on February 15, 2011
at 10:46 PM
When you break a long fast there is a risk of refeeding syndrome which can be fatal. There are guidelines on the Web that tell doctors how to deal with it.
Refeeding syndrome is a real danger and people should be aware of it.
Refeeding syndrome is caused by the release of insulin. The body is fantastically sensitive to insulin by the end of a long fast and a big surge of insulin can cause lethal electrolyte problems.
Given these facts, it seems to me that the logical way to avoid refeeding syndrome is to (1) begin refeeding with foods that minimize insulin release and (2) begin refeeding with small meals.
But doctors normally do the opposite of (1). They refeed with fruit, i.e., sugar, which seems absolutely insane to me.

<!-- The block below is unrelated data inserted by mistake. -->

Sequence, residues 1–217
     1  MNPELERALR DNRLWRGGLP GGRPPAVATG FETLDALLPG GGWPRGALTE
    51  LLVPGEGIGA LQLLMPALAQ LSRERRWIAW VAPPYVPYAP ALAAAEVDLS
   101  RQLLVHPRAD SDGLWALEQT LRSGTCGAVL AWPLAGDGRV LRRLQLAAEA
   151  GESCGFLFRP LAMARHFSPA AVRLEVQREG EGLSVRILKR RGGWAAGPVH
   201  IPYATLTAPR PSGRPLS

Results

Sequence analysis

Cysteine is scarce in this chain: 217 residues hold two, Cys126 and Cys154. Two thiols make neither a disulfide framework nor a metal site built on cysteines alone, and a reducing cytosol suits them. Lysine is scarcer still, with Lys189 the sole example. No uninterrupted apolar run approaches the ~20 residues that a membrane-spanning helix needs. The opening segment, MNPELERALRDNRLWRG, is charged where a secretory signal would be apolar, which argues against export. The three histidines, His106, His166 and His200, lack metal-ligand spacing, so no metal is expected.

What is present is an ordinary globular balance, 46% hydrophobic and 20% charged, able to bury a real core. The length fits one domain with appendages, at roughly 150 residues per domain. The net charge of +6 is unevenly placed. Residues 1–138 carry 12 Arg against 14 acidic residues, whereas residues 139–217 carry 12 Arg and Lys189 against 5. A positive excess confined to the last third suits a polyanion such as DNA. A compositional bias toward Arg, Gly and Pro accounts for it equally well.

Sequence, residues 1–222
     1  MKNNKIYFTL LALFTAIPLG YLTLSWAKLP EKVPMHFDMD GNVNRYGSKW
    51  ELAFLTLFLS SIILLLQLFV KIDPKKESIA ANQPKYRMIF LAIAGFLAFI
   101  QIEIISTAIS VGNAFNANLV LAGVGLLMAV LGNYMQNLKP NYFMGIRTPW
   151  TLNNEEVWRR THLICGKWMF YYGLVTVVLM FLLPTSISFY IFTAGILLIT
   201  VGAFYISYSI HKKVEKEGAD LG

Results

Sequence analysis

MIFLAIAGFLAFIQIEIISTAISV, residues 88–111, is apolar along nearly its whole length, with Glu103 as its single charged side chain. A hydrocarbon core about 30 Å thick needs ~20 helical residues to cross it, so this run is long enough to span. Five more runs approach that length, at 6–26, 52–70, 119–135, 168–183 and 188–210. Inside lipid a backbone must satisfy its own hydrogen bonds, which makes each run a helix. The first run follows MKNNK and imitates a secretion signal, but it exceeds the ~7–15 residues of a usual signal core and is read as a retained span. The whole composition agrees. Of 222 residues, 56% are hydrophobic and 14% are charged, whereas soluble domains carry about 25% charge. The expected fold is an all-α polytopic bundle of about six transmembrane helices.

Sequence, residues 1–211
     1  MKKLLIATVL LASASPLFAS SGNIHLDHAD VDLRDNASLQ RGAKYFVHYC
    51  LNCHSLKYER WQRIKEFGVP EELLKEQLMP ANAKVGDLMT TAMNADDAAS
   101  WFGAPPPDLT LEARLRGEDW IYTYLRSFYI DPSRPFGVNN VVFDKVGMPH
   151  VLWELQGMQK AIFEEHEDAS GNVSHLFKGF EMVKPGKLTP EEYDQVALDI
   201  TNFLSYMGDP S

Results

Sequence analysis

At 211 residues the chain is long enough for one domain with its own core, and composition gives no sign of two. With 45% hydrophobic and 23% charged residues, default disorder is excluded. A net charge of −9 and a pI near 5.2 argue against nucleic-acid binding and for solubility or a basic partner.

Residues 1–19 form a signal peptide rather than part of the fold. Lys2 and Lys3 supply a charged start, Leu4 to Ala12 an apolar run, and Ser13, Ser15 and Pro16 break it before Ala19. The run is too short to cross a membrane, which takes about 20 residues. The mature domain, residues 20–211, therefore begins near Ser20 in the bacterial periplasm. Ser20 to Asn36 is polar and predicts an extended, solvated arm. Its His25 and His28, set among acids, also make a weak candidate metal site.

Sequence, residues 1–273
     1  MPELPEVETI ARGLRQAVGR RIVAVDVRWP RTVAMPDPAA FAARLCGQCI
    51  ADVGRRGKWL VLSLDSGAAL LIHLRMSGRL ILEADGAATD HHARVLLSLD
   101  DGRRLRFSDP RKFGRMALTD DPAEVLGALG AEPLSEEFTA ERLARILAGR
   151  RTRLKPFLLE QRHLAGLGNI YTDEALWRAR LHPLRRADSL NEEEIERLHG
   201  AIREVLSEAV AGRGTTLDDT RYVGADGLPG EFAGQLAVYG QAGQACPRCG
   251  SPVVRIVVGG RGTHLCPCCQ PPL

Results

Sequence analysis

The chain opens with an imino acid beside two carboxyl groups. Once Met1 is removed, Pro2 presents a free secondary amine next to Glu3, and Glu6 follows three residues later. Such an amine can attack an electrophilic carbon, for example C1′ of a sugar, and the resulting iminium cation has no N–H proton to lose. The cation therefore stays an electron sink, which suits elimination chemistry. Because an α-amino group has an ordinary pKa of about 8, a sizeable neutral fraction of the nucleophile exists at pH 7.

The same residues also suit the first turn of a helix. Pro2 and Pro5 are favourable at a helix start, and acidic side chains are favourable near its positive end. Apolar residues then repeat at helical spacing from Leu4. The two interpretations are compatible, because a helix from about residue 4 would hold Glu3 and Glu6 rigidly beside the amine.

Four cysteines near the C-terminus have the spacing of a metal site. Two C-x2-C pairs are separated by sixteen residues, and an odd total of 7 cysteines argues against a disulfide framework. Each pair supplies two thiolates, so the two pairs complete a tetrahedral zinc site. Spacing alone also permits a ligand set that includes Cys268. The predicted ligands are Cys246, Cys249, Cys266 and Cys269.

Think of it this way. During your fast, your body was consuming a "diet" from internal sources that consisted of fat and protein. Most of the fat was palmitic acid.
Doesn't it make sense to begin refeeding on a similar diet, one that consists mainly of palmitic acid? That would mean eating animal fat.
That's how I handled refeeding after my recent 30-day fast.
My first meal was very small and consisted of 35 g of beef tallow and one egg.
For my second meal, I added 5 g of potato. I was careful to add carbs slowly to avoid refeeding syndrome.
In each meal that followed, I added some carbs and gradually made the meals bigger.
I ate liver and eggs several times over the first few days to replenish micronutrients as quickly as possible.
By the third day I felt normal. I was able to go outside and walk about a half mile. Symptoms of fasting were mostly gone. Bowel movements restarted.
This system worked very well. I had no problems except some bloating on the fourth day which I think was caused by eating a pound and a half of raw kumquats in one sitting, which I do not recommend. :)